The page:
Friday, August 10, 2012

The Marveling Continues

We're still reveling in Abigail's success.  She's taking daily doses of peanuts in the form of sweet treats.  At some point, I'll need to stock up on more practical and healthy options, but for now, I'm enjoying her discovery of recently forbidden treats.

Trader Joe's has some really good peanut butter cups made with real milk chocolate and real peanut butter.  She's loving those.  From a technical side, I had to cut one in half and scoop out the peanut filling to measure it.  For protection, she needs 1 and 1/2 peanuts (or approximately 1/4 teaspoon of peanut butter) on a daily basis.  The filling measures 1/2 teaspoon which is about 3 peanuts.  She's been eating 2 of the peanut butter cups a day.  I'd say she's more than protected.

The four of us, my husband, son, Abigail and myself, went out to dinner Wednesday night to celebrate.  Abigail got to choose the restaurant.  The kid's meal came with plain M & M's.  With absolute wonder on her face, she realized that she got to eat them.  At age 9, the girl has never had an M & M.  We had chosen for safety and simplicity sake to not approve any foods manufactured in facilities that also make peanut products.  That ruled out M & M's.  She, of course, loved them.  Reality struck me, and I realized that I would no longer have an easily accepted excuse for all those unnecessary and unhealthy cookies and other treats that come as part of so many kid's meals.  When asked what type of cookie the kids would like as part of their meal at places like Moe's, Subway and Jersey Mike's, I've been quick to say, "Sorry, they can't have them. We have a peanut allergy."

It hasn't taken her long to realize what this means.  She's skipped ahead to Halloween, and is almost giddy with excitement.  I typically trade a non-candy treat for some of their loot.  Looks like I'm going to have to up the ante to make a deal this year.

The marveling continues at our house.  It's still hard to even conceive sometimes what the success of this peanut allergy clinical trial means to our family.  And, while we are incredibly lucky, or better yet, blessed, we are also so very humbled and grateful.  Abigail is just one of a very few in the sublingual immunotherapy trial who had the opportunity to challenge and did so successfully.  Some made it to the 3 year mark, challenged, and were not able to make it through all doses.  Those children will continue in the study either eating peanuts or doing drops.  Most of the kids won't challenge at 3 years because of study protocol changes.  Those kids will continue another 2 years before they challenge to better ensure their success.  And, as a reader commented, they had to leave the study altogether because of health concerns.  Her comment serves as a reminder that there are risks involved.  So, yes, we are marveling.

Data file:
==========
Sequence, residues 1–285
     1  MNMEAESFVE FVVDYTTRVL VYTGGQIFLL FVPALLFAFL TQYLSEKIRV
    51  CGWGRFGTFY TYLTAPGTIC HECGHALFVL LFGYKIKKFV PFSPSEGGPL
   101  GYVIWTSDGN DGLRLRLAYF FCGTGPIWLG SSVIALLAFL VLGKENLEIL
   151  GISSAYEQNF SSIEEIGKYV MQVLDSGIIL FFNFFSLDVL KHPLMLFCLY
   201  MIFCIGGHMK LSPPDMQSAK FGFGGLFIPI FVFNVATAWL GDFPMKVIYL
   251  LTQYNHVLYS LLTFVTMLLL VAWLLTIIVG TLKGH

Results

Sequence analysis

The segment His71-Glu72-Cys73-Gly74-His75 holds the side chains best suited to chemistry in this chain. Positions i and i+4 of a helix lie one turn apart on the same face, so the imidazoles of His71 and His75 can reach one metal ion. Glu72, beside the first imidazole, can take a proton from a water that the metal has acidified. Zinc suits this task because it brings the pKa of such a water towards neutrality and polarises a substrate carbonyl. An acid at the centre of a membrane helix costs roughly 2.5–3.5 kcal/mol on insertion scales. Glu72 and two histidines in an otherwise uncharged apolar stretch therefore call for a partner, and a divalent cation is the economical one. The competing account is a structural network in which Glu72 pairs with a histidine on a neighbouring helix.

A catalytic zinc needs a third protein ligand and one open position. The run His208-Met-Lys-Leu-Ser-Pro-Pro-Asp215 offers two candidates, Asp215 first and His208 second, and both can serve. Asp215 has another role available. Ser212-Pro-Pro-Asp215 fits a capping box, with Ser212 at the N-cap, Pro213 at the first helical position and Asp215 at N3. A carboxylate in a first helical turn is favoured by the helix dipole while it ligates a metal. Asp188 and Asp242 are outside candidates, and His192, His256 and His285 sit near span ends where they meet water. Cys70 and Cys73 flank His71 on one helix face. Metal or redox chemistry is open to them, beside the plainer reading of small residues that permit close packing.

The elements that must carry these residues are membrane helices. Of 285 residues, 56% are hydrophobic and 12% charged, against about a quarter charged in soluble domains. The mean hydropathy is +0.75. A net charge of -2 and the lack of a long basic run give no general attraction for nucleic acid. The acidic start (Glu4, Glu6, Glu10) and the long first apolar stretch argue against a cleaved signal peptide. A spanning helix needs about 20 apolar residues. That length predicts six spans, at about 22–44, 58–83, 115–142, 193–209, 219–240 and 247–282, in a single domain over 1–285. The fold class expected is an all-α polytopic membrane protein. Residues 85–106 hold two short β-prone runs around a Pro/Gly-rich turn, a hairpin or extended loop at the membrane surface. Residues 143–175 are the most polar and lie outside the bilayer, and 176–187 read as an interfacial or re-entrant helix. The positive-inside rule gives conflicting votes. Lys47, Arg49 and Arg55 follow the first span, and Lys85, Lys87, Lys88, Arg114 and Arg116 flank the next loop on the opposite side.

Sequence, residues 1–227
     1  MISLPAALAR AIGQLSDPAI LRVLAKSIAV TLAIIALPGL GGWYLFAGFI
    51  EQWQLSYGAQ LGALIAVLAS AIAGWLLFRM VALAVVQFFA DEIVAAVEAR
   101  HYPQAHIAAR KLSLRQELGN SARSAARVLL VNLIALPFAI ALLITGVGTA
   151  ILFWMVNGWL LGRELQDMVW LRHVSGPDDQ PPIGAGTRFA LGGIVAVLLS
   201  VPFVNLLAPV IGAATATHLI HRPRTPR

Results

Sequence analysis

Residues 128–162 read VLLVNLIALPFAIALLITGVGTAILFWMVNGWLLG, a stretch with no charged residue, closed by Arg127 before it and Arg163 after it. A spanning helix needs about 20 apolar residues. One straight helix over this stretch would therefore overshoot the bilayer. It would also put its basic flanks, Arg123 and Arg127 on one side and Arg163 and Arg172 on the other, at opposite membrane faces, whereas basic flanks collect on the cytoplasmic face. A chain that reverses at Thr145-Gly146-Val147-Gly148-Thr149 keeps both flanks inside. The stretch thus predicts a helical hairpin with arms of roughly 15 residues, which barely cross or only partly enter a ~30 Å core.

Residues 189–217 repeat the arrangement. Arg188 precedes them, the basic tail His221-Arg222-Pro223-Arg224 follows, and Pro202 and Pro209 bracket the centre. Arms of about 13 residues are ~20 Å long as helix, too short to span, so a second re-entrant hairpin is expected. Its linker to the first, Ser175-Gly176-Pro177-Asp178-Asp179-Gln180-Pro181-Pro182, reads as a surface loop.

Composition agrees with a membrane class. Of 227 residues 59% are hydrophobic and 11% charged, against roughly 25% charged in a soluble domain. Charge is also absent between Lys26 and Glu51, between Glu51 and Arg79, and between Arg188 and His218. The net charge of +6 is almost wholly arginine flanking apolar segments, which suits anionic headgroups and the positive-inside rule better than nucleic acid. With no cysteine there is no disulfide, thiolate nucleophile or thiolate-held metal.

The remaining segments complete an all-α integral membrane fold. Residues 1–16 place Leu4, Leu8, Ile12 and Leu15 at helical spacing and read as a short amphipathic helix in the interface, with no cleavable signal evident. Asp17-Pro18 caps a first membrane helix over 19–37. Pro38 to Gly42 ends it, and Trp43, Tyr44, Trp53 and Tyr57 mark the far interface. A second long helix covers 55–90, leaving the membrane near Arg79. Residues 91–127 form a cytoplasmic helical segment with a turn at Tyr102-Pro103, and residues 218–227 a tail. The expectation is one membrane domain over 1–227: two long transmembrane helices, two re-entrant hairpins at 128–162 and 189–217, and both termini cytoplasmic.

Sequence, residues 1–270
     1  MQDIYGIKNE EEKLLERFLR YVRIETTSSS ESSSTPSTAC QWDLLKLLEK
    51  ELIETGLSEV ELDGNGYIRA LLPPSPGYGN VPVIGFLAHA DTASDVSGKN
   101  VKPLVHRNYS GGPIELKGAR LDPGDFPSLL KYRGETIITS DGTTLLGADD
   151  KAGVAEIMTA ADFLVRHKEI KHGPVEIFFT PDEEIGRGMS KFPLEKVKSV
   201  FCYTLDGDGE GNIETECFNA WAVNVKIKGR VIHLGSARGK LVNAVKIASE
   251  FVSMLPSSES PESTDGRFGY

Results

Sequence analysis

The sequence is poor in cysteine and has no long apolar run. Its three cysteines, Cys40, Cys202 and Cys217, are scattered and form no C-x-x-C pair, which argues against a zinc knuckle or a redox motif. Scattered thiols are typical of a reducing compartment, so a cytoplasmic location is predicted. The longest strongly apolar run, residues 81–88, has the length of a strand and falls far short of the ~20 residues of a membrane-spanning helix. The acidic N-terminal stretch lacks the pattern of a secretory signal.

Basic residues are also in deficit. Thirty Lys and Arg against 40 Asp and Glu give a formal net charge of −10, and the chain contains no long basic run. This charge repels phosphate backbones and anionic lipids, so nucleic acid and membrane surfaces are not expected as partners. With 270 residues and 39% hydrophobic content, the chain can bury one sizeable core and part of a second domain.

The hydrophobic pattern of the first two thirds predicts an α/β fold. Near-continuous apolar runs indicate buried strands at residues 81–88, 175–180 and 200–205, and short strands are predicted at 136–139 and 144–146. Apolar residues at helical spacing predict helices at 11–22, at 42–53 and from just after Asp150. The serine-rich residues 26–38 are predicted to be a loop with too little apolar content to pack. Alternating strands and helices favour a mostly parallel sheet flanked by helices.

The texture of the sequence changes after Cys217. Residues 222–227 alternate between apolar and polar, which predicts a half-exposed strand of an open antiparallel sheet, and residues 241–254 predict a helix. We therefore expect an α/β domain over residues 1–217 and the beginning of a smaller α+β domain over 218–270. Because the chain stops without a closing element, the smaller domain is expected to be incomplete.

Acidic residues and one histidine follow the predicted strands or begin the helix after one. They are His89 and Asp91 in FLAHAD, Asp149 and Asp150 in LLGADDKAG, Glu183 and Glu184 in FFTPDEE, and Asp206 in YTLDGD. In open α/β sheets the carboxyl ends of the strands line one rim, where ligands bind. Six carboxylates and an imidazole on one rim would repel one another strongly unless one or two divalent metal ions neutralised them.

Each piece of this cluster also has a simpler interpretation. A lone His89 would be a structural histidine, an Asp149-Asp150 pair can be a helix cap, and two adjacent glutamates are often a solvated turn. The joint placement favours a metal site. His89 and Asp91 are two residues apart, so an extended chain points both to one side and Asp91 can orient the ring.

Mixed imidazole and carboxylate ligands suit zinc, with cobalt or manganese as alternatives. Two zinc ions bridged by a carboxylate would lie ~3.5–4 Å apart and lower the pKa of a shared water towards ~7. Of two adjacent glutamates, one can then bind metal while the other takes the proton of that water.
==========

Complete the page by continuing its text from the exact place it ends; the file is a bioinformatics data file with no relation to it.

Tuesday, August 7, 2012

We are done!!

Abigail is peanut allergy free!  She did it!  We did it!

After the required IV, blood draw and skin test, we got down to business with the first flour food challenge. Even with cinnamon applesauce, she knew it was the peanut flour almost immediately.  The nurses couldn't confirm, but it didn't matter.  She successfully finished the first challenge having consumed the equivalent of 16 and 2/3rd's peanuts.  Several hours later after sitting through the observation period and finishing the required oat flour challenge, we moved on to the real stuff.  She ate 2 tablespoons of peanut butter.  Can you guess how many peanuts are in 2 tablespoons of peanut butter?  Approximately 33 and 1/3rd!  Amazing! Per a suggestion from the nurse, we made a party of it.  I brought leftover party plates, napkins, a few party hats and the bag of ingredients for our peanut butter treats.  Her doctor and nurses joined us, and we all sat around the kiddie table and ate peanut butter together.  She was nervous, but excited for the treat. 

Here we are almost ready to start the party.

Abigail at the start of the clinical trial.